Google, Gmail blocked as Iran pushes ‘national Internet’

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TEHRAN -- Iran has shut off access to Google and Gmail inside the country, a step eyed by Web activists with concern as the nation’s leaders seek to wall off a corner of cyberspace separate from the global Internet.

As of Monday, Iranians received an announcement via text message that quoted Abdolsamad Khoramabadi, secretary of an official group that scours the Web for banned content.


‘Due to the repeated demands of the people, Google and Gmail will be filtered nationwide,’ the message said. ‘They will remain filtered until further notice.’

The ‘demands’ appear to be tied to an online video mocking the prophet Muhammad, which Google has restricted in some countries but declined to completely scrub from YouTube.

Google has been targeted in Iran before: The search engine has been denounced by a top police official as an ‘espionage tool’ and excoriated by Iranian officials for not labeling the body of water between Iran and the Arabian Peninsula as the ‘Persian Gulf’ on Google Maps. Internet access on the whole has been disrupted in Iran in the past, often during times of unrest before or after elections.

Blocking Google at this time has caused particular alarm because the government said it has embarked on launching its own ‘national Internet,’ a ‘pure’ system separate from the worldwide Internet, causing activists to worry that the new system will be used to keep Iranians off the global Web.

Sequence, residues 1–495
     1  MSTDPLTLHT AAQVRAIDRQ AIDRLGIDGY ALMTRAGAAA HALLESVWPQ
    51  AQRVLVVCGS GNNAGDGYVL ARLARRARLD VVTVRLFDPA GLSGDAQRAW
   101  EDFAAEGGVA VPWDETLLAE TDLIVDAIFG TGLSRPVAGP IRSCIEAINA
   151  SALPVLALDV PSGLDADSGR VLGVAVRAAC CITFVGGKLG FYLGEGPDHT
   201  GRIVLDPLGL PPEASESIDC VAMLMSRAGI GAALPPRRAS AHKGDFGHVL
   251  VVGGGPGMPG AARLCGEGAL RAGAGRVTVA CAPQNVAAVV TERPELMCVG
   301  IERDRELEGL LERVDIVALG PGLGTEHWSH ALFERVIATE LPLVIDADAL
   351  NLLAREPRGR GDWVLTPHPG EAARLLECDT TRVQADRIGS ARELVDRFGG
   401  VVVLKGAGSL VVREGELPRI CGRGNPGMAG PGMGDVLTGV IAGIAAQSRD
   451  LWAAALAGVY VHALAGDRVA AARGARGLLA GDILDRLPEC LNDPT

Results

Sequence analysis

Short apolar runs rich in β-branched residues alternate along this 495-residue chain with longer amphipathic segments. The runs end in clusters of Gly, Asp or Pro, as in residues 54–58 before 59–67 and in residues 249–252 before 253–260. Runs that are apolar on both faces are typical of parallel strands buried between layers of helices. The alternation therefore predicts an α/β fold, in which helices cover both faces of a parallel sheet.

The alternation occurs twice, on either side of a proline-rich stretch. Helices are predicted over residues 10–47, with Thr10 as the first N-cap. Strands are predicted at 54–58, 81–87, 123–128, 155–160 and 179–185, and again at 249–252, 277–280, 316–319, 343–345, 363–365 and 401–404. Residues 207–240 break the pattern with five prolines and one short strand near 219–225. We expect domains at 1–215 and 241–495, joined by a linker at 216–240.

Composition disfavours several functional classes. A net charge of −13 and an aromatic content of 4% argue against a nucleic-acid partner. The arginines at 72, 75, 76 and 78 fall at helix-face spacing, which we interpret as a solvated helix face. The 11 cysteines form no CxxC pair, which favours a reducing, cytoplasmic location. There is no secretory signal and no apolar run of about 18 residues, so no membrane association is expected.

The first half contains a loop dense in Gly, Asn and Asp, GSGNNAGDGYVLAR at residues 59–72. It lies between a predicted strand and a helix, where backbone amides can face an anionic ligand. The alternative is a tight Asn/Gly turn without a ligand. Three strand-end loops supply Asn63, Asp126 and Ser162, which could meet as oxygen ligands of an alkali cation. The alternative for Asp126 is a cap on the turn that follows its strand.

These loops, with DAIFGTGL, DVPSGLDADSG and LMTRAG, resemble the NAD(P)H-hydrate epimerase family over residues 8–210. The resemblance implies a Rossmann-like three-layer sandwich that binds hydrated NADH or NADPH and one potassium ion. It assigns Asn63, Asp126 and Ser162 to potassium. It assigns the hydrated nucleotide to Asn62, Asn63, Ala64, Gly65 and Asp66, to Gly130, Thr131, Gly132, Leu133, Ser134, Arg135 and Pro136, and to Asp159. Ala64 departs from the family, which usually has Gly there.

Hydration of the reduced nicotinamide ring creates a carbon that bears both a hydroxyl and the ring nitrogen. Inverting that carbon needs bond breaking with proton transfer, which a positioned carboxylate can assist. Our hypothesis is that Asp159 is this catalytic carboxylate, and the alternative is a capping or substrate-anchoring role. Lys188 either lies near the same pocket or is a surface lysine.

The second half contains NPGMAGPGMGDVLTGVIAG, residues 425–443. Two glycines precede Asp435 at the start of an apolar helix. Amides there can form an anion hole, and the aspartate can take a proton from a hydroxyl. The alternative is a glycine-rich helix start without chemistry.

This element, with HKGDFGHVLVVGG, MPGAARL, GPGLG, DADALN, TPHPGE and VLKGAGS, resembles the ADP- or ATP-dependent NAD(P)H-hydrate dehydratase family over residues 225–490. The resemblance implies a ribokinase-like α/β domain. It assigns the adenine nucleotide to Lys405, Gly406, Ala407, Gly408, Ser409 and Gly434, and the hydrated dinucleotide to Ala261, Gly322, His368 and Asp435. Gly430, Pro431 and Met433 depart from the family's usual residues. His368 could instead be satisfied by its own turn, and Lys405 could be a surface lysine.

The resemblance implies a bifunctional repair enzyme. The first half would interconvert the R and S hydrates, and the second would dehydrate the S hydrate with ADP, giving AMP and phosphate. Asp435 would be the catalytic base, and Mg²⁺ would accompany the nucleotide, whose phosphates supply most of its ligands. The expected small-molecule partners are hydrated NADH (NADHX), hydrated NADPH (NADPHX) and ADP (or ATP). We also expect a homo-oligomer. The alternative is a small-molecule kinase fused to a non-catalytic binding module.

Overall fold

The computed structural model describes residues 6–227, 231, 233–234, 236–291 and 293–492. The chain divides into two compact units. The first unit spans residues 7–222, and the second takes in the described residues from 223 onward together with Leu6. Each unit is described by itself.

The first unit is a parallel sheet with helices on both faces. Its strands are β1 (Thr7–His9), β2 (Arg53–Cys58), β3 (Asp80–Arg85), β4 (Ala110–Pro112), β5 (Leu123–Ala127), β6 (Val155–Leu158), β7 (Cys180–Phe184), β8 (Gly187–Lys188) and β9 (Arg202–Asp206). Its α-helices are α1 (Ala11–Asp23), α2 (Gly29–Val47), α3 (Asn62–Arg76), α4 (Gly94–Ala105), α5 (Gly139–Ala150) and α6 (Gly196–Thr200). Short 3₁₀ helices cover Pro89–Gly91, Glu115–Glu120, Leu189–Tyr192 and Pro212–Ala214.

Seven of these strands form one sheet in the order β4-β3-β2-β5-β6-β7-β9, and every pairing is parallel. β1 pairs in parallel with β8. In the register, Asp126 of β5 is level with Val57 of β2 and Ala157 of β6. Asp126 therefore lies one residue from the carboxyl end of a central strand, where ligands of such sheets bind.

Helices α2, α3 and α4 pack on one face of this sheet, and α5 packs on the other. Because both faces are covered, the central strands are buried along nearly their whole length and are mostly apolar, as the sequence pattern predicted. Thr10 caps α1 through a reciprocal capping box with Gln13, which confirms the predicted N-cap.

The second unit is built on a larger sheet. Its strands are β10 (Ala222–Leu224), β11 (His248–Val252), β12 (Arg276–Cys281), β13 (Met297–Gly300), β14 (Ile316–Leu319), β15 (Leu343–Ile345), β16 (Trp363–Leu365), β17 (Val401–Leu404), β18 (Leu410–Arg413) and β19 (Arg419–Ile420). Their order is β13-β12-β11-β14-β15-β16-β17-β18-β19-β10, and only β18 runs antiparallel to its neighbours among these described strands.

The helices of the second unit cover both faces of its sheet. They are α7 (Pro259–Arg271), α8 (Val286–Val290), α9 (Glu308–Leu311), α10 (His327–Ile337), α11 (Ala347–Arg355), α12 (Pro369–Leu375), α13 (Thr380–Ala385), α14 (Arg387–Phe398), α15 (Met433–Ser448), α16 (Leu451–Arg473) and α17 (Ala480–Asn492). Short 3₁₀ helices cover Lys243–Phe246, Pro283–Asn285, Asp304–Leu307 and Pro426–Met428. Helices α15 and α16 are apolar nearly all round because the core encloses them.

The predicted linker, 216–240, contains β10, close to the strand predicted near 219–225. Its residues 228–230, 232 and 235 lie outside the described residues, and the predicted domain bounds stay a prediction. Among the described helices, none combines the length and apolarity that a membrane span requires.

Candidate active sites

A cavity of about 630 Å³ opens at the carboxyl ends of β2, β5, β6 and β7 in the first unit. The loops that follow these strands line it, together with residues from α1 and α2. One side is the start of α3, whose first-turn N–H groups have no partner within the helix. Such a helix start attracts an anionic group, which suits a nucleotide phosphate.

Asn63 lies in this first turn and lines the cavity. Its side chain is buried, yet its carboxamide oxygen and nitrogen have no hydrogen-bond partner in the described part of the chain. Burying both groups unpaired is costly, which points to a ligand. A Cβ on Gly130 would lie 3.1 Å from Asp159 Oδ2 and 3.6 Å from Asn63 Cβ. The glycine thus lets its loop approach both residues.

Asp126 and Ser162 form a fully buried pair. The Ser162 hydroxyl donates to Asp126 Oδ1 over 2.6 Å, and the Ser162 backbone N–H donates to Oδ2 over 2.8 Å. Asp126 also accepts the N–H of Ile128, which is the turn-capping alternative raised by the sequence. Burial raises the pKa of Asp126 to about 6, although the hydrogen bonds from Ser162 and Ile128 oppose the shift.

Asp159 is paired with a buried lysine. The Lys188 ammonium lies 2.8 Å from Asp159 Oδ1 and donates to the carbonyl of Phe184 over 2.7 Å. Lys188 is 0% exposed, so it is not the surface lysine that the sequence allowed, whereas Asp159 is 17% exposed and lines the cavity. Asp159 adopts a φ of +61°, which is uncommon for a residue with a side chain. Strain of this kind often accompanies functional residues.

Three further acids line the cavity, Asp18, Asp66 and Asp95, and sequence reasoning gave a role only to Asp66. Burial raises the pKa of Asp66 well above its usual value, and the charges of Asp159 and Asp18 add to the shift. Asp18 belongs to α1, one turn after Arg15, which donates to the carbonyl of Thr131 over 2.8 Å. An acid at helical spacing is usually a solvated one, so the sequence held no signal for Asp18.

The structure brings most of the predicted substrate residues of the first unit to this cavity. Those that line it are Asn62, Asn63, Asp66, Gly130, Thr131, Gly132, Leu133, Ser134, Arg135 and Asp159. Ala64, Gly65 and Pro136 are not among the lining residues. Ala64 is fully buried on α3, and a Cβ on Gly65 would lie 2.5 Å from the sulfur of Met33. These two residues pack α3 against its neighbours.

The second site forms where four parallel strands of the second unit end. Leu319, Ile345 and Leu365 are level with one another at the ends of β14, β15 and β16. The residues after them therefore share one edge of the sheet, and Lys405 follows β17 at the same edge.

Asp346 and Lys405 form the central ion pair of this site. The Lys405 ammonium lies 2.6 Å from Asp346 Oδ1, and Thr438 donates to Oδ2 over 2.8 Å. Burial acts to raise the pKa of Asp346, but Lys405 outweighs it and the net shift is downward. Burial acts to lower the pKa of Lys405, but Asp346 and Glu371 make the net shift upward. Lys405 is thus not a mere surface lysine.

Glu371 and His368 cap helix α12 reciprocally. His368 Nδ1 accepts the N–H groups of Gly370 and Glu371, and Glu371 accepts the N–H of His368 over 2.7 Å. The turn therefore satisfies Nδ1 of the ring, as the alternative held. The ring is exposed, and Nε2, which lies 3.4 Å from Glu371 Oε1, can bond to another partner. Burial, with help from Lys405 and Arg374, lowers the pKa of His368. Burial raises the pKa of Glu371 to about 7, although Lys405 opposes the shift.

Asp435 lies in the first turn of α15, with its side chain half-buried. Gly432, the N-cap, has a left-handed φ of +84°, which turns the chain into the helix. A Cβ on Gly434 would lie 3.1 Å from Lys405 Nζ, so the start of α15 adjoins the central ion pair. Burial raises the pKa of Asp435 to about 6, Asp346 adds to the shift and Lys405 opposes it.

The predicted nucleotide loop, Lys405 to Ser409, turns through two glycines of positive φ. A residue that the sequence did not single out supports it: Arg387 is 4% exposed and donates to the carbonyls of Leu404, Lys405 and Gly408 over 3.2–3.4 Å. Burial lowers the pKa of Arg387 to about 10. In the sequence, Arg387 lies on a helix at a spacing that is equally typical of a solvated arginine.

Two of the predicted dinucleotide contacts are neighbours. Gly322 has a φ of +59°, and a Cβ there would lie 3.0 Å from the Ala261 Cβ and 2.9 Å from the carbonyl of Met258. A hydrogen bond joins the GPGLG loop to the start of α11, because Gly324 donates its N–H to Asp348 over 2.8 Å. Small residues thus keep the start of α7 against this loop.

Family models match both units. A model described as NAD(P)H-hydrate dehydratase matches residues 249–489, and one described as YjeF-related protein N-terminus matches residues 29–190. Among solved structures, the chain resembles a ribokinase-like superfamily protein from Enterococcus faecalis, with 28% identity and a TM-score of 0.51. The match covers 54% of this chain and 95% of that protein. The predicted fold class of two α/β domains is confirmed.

Cutting off Google could push Iranians toward more closely monitored channels to the Web, where dissent can be more easily tracked and purged. So far, however, the ‘national Internet’ project is limited to government offices and has not been rolled out for ordinary Iranians. Official statements provide signs of why activists are worried. ‘The Internet must not be given the authority to challenge national and ethical principles,’ the official Islamic Republic News Agency stated this year.

Iran now censors the Internet, but many Iranians use special technology to dodge the restrictions. Reporters Without Borders found that the Google blockage had worked in some parts of Iran but not others. Several virtual private networks used to sidestep Internet censorship were down, but some Iranian users told The Times they were still able to use Google on Monday afternoon.

Lawmaker Mohammad Soleimani tried to tamp down fears concerning the ‘national Internet’ last week, according to the Iranian Students News Agency, reportedly saying that cutting access to the Internet wasn’t even possible and ‘would amount to imposing sanctions on ourselves.’

‘However, the filtering will remain in place,’ he said.

Internet experts in Iran say that, ironically, Gmail is used by all local state-run news agencies and all Iranian universities -- meaning the government hurt itself with the ban.


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-- Ramin Mostaghim in Tehran and Emily Alpert in Los Angeles